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HOW TO FEED YOUR PUPPY


A dog's health depends on several factors, and one of the most important is a balanced and appropriate diet for the lifestyle it has

Importance of a balanced diet

Dogs, like us, need healthy and quality food to grow and sustain the bodily functions that will develop throughout the day. Routine food is what best supports the dog's digestive system. In general, dogs does not tolerate changes to their diet, which means that if we continually vary what we feed our dog, the most likely cause is a digestive imbalance with flatulence and diarrhea and even cases of gastroenteritis. That is why it is highly advisable to choose the type of food that we are going to offer our dog and, if he tolerates it well, we try not to change the habit of always eating the same type of food.

It could be said that, in terms of dog food, feed is the most widespread food today and the one with the most variations. The great advantage of feed is that it is easy to acquire, it is very well preserved and stored, it does not stain and does not require any type of preparation. The most important thing when choosing a feed is to pay attention to its quality, which is given by the ingredients and the processing of the croquettes. A high quality feed is not cheap, and although you can find cheap feed in supermarkets, its ingredients are usually of such low quality that it is strongly inadvisable. High quality feed does not use flour, and has among its ingredients fresh meat or fish, it has no substitutes and cereals, and corn or soy are scarce in its ingredients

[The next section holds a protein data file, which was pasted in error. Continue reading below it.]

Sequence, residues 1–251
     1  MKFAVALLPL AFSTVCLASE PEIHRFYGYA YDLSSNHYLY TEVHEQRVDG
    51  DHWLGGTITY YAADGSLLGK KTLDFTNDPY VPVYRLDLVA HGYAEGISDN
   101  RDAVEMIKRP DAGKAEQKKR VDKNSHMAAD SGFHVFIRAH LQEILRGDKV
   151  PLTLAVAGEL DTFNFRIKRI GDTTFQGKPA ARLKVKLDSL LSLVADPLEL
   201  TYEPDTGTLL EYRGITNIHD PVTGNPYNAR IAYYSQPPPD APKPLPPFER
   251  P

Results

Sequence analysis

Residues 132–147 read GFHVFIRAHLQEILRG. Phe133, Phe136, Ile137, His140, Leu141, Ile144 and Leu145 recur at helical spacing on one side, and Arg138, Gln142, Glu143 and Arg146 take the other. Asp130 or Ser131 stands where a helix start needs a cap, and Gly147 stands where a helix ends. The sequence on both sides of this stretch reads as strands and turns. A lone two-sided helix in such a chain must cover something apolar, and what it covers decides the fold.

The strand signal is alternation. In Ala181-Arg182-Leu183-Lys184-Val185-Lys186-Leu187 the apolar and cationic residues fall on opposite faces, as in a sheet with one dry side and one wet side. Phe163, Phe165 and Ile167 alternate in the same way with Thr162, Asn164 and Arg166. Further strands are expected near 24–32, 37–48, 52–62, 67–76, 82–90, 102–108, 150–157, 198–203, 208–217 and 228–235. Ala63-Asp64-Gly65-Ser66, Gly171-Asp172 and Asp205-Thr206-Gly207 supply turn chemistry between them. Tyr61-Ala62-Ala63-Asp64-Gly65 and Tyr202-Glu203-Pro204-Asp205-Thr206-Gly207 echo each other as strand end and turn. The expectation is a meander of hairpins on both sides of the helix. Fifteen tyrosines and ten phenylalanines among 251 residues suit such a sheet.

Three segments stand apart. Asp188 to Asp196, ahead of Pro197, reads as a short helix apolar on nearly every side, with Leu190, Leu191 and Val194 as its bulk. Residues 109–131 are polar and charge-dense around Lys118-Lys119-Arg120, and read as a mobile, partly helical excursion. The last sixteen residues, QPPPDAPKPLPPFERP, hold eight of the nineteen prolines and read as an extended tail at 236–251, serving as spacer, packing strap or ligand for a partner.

Salmon protein and importance in the health of the Australian Cobberdog.


At DOGKING we try to get to know our dogs better every day and we are continuously investigating their genetics, behaviour and the situations that families who live with one of our Australian Cobberdogs encounter on a daily basis. Analysing the results obtained in the different genetic studies that we have carried out, we have implemented salmon as the only source of protein in the diet of our Australian Cobberdogs since salmon protein is particularly beneficial for them, as well as helping to maintain their long coat beautiful.

These studies indicate that the protein best digested by the Australian Cobberdog's digestive system is salmon protein. Genetic studies have also verified that it helps keep their coat thin, shiny, soft, and silky thanks to its high omega-3 content. Additionally, the omega-3 in salmon protein helps keep the color of your coat intense.

The food you give your Australian Cobberdog Labradoodle is important and here you will find tips on the best feeding options

DOGS DO NOT EAT AS HUMANS DO

There are many differences when it comes to feeding dogs and humans, and we must be clear about this when it comes to offering food, as we cannot rely on our knowledge of feeding as a criterion to guarantee quality food to our dog. The human changes his diet in each of his meals without a problem, but if his digestive system were conceived like that of the dog, this permanent nutritional variation would produce constant diarrhea.

Dogs do not tolerate feeding changes well, which is why it is important that their feeding routines are not abruptly changed under any circumstances or we will cause the dog severe eating disorders with vomiting and diarrhea. The digestive system of humans represents 10% of its body weight, while the dog is only between 2.7% and 7% (depending on size), which explains why it is easier for humans to digest more varied elements.

We should always avoid giving our food to dogs and limit to offering their own feed or some good quality dog treat, occasionally. If at any time we have the need to change the brand of feed to which it is accustomed, we must make a progressive change. For a week we will be introducing an increasing portion of the new feed every day until the percentage of the new feed is total.

Forbidden foods

Another of the great differences between the diet between dogs and humans is that there are several ingredients that humans can eat and are beneficial for our body, while to a dog they are completely prohibited since they can even be fatal: